The dialog is pretty well handled. Some nits though - the "I'm off out . ." took me a few readings to get. The "Why do I have to be here?" line seems a bit forced. He knows why. The author is making him ask it so she can tell us the readers the rest of the information. Try to get the information out more naturally if it's important to the story.

It doesn't hook me. You spend a lot of time telling me what Winston looks like but not what is going on. The routine in the first paragraph is too "routine" or normal to draw me in. The fact that's he's giving her away isn't enough to keep me reading.

Unless essential the physical description can wait a few lines. Use the first 250 words to draw me into the story.

Right now all you have is a dude with dreds going out rather than helping his sister plan her wedding.

none said...


I can't help feeling that either backstory-as-dialogue (aka "As you know, Bob") or describing a character by having him look at himself in a mirror qualifies for instant rejection.

Both together...what's faster than instant?

Openings need to grab the reader. Physical descriptions and backstory can usually wait.

writtenwyrdd said...

Amazing how many of these continuations opted for magic or voodoo.

Author, I liked this beginning well enough because of the voice and how you established the relationship. I think it needs some tightening up still, but I'd have read on, at least for a bit.

I guess you can tell from the continuations that a lot of us thought a Faulkneresque group of poor folks with a Louisianna slant would be the cast of characters. And, truly, I was reminded of "As I Lay Dying" as I read this. Which could be a good thing. It was funny, if sad.

Good things: How you gave a picture of Winston without a mirror or someone telling us with dialog or narrative what he looked like. Also, how you give us comfortable dialog that gives a 'twang' for lack of a better word. It doesn't seem forced.

The only real nit I have is that the first paragraph gives us a little too much. Maybe break it up, have him kiss his thumb to Erzulie and cross for the Madonna during the dialog.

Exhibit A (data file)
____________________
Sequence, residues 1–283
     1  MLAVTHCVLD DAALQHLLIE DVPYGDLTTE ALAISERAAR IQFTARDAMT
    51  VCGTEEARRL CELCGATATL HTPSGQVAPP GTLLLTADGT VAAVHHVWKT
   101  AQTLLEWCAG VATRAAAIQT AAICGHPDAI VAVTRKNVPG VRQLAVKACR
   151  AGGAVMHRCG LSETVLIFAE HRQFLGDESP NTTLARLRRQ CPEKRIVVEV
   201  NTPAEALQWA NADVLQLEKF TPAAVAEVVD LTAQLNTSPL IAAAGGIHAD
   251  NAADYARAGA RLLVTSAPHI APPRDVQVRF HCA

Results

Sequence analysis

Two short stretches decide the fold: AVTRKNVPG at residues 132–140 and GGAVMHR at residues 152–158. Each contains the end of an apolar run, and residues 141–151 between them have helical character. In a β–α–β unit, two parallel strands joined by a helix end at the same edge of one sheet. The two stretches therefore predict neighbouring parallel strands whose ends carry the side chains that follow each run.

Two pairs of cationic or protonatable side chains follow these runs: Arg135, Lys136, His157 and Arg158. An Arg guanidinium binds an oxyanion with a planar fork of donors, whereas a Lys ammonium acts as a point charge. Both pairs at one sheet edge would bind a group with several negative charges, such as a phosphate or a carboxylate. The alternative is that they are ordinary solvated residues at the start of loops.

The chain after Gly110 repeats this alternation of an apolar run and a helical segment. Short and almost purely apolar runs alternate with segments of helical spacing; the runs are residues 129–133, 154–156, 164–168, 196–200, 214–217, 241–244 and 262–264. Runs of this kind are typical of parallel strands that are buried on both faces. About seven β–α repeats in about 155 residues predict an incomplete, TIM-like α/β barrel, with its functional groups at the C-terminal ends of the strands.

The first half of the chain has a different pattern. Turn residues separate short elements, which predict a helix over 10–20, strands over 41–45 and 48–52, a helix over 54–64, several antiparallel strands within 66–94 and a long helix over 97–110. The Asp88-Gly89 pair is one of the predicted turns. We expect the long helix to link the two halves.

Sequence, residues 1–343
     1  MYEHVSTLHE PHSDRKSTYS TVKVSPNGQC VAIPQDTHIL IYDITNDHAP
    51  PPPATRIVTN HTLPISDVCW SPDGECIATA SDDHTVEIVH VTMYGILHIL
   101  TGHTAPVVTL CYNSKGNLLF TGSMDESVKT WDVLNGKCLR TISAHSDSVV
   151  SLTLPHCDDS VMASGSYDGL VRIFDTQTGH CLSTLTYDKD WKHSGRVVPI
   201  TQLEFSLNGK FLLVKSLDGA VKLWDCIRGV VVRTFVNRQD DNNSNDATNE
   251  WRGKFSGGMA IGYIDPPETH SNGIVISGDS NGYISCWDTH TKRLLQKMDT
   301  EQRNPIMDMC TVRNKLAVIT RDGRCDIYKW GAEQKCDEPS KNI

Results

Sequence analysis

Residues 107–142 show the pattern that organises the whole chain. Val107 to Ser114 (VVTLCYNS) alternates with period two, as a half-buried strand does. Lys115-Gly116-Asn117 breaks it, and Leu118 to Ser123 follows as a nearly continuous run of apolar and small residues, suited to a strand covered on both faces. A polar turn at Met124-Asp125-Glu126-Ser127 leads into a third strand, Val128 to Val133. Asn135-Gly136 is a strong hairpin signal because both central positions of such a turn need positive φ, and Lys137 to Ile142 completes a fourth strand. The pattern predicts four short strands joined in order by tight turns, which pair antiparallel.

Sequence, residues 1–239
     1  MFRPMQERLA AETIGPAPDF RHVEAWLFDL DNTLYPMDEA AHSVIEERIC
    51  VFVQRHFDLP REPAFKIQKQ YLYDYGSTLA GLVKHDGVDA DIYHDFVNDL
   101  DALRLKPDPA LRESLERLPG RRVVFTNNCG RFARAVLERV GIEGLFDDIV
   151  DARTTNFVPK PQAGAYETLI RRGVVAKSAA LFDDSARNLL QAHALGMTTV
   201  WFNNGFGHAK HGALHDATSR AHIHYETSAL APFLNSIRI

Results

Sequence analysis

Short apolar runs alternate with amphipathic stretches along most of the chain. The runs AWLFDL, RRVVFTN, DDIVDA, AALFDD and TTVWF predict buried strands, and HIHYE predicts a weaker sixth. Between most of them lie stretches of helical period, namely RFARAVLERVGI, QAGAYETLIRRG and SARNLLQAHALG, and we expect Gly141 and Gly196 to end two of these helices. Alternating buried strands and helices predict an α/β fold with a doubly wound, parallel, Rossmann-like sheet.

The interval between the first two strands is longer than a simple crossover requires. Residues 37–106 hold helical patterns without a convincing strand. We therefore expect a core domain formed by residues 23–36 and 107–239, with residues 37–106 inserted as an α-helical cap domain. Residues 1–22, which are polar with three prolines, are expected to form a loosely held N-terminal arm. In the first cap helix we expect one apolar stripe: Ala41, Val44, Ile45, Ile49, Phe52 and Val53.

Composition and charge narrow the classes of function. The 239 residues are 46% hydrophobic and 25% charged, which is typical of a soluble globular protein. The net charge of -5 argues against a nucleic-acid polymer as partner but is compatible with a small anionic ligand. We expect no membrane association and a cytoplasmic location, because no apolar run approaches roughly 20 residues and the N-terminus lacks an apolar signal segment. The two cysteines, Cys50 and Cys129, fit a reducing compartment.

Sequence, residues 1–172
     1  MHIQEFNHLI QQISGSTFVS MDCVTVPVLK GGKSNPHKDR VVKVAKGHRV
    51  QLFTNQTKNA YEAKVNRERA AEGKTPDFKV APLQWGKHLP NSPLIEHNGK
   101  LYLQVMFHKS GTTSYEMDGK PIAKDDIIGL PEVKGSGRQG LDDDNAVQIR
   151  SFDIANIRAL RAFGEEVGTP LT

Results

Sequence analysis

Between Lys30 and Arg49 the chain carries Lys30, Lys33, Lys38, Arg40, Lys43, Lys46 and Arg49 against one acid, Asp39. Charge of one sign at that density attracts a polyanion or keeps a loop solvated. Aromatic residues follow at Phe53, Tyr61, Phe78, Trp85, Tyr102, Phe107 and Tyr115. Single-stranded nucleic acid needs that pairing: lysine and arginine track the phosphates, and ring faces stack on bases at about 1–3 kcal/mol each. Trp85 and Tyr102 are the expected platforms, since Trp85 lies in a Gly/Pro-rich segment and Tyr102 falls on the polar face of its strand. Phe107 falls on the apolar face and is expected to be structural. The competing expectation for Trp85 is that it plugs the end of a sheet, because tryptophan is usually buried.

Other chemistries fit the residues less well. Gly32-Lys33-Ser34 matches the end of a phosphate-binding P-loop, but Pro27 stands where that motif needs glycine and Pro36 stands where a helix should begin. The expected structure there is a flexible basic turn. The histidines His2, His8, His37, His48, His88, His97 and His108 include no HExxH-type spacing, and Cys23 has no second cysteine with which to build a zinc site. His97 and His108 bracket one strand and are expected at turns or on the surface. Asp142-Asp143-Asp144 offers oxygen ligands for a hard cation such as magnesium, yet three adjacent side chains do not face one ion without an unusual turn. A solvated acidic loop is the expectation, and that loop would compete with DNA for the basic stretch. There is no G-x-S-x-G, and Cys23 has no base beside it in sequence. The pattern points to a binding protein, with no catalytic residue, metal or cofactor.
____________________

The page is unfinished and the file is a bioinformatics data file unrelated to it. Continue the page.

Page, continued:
writtenwyrdd said...

I have to disagree buffy. He didn't get his discription from the mirror, it is incidental to finding a smudge on his cheek. I think this first 150 words is interesting enough to open the story. But, opinions do vary, and everyone has one.

jjdebenedictis said...

I quite liked this, in that the characters already seem interesting. I think there's good writing here and potentially an interesting voice. I would read on.

That said, there's no tension. The scene obviously exists just to introduce us to the characters, rather than to get us into the story. I would prefer it if there was at least a hint of juicier things to come.

Anonymous said...

I liked the first two paragraphs. Felt like they established some character and context, and I could picture Winston getting ready to go out.

Didn't like the exchange between Winston and Lattie -- they're telling stuff they already know for the reader's benefit, and it sounds wooden.

Some sense of where this is going and why we should care will hopefully be in the next couple of paragraphs.

Beth said...

This needs reworking. There's no conflict. No hint of a problem to be solved. No tension. And the dialogue sounds contrived in order to deliver information to the reader.

Ask yourself what Winston wants, figure out how you're going to deny it to him, and then rewrite the opening to include some hint of that conflict.

Rachel Green said...

Thank you for the advice, folks, it's appreciated. I can see your points and it does need tightening, but then I submitted it for the advice. Thank you.

none said...

Fair enough, writtenwyrd. But they were close enough together to trigger my reject button.

Like I always say to my cat--you're not a different animal just cos you're approaching me from the left side of my plate instead of the right.

Bernita said...

The writing is nice and smooth, but I agree with Buffy.

Anonymous said...

As interested as I am in reading about cultures not my own, the "as-you-know-Bob" dialogue was an immediate turnoff. I wouldn't read any further.

Evil Editor said...

He looked into the kitchen where his sister was baking . . .

If the opening had ended there I'd have received half a dozen cannibalism continuations. You might want to add "cookies."